The Trademark Project, a new blog, became aware of a pending application for the mark TOP TEN TTAB DECISIONS OF 20** filed by a trademark lawyer, for articles about decisions of the Trademark Trial and Appeal Board. The blogger notes that the mark seems descriptive, and also, it appears to be an unregistrable phantom mark. It asks “Someone please explain this one.”
Without commenting on this particular application, Trademark Project’s query seems to concern what are known as phantom marks. When someone uses a series of marks that are mostly similar but might differ only through a single term such as a date, or flavor, or topic, there is an economic motivation to file a single trademark application and leave one element blank (the Phantom element). IDG, for example, owns a 1995 registration for “_____ FOR DUMMIES.”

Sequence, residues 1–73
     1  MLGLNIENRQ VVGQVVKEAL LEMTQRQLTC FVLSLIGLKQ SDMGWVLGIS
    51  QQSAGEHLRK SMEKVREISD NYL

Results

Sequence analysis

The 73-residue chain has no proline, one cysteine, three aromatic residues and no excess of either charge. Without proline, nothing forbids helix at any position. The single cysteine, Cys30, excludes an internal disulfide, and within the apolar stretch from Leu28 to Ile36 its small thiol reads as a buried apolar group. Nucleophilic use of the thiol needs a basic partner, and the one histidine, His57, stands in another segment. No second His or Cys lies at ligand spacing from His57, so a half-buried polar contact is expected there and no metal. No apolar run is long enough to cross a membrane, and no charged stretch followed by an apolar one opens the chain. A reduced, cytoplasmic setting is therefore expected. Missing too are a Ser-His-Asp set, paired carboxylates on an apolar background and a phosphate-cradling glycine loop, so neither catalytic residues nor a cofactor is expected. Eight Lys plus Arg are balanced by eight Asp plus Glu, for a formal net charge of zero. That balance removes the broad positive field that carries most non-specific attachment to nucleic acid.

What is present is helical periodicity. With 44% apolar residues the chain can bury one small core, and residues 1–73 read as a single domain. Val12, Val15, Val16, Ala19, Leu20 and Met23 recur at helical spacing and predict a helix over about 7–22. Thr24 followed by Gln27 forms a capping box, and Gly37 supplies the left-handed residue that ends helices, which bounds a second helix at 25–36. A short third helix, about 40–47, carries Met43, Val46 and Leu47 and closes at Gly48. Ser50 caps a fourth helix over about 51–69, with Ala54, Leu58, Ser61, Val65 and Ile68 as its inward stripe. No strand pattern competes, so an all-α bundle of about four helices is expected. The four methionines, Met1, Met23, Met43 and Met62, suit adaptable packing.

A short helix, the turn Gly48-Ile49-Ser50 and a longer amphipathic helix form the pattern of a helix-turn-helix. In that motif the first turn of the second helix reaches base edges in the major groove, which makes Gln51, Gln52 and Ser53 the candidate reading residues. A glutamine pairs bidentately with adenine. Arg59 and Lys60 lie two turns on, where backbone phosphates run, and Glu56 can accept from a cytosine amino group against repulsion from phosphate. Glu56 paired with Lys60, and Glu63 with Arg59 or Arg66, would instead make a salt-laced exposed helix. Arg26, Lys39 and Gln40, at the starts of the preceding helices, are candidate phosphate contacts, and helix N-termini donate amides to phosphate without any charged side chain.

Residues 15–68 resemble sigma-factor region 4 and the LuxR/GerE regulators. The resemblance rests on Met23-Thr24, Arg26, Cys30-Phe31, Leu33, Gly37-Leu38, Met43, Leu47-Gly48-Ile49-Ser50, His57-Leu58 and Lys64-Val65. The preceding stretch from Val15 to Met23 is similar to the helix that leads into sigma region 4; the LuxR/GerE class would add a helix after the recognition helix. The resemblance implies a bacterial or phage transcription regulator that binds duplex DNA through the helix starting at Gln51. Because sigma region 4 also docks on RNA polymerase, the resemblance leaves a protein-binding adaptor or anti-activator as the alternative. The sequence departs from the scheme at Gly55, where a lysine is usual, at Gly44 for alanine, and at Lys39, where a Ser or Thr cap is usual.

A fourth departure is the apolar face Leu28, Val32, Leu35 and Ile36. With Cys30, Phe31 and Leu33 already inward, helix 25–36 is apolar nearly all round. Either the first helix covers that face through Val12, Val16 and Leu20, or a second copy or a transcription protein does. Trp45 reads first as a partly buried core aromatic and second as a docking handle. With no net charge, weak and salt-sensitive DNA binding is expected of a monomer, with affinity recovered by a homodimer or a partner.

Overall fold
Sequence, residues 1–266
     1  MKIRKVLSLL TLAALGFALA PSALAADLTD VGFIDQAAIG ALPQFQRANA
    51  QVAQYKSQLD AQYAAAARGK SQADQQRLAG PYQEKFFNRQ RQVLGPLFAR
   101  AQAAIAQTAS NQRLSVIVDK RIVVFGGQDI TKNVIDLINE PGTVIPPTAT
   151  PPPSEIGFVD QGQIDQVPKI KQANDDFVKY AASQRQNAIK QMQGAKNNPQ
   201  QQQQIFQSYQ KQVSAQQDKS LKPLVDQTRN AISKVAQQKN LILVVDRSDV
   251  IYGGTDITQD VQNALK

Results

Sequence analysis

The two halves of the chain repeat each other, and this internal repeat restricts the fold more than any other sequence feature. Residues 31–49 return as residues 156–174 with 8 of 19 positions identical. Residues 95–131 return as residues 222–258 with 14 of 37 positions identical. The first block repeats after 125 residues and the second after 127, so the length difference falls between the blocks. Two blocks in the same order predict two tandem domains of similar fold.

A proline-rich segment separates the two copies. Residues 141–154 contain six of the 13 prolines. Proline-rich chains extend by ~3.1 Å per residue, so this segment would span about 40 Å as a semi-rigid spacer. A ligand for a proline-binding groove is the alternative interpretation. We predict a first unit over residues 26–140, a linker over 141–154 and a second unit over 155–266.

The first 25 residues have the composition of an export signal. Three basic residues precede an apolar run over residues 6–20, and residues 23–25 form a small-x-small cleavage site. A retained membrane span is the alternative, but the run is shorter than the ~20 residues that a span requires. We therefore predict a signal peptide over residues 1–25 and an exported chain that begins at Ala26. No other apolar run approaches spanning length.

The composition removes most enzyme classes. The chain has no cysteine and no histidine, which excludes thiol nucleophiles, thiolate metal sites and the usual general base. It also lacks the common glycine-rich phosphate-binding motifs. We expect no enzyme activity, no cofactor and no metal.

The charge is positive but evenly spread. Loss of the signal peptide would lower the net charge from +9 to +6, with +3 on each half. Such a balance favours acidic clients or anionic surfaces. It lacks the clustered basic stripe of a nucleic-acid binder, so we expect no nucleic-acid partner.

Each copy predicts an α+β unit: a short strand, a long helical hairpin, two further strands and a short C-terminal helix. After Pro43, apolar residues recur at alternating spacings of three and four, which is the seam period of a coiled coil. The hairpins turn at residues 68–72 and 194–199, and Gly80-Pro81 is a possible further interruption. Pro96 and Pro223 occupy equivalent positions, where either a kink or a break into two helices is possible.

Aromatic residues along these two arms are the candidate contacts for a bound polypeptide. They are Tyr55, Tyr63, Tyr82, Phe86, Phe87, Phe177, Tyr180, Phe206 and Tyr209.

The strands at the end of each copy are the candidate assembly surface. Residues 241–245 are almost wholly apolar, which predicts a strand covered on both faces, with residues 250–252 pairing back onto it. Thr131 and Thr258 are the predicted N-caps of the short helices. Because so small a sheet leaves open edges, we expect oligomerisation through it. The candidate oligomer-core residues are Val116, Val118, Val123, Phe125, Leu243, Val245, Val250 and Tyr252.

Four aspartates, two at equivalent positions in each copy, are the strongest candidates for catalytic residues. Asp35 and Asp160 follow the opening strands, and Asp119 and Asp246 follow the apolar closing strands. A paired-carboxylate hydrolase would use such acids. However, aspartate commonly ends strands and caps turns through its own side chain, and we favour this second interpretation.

However, a Federal Circuit case in 1999, In re International Flavors & Fragrances Inc., 51 USPQ2d 1513 (Fed. Cir. 1999), suggests that such registrations are not enforceable. Furthermore, PTO Examination Guide No 1-99 says that the PTO will reject such applications, on the grounds that phatom marks violate the one mark per registration rule. See the Examination Guide for work-arounds. I note that IDG owns an additional registration for the term FOR DUMMIES.
Information on King Feature’s Phantom character here.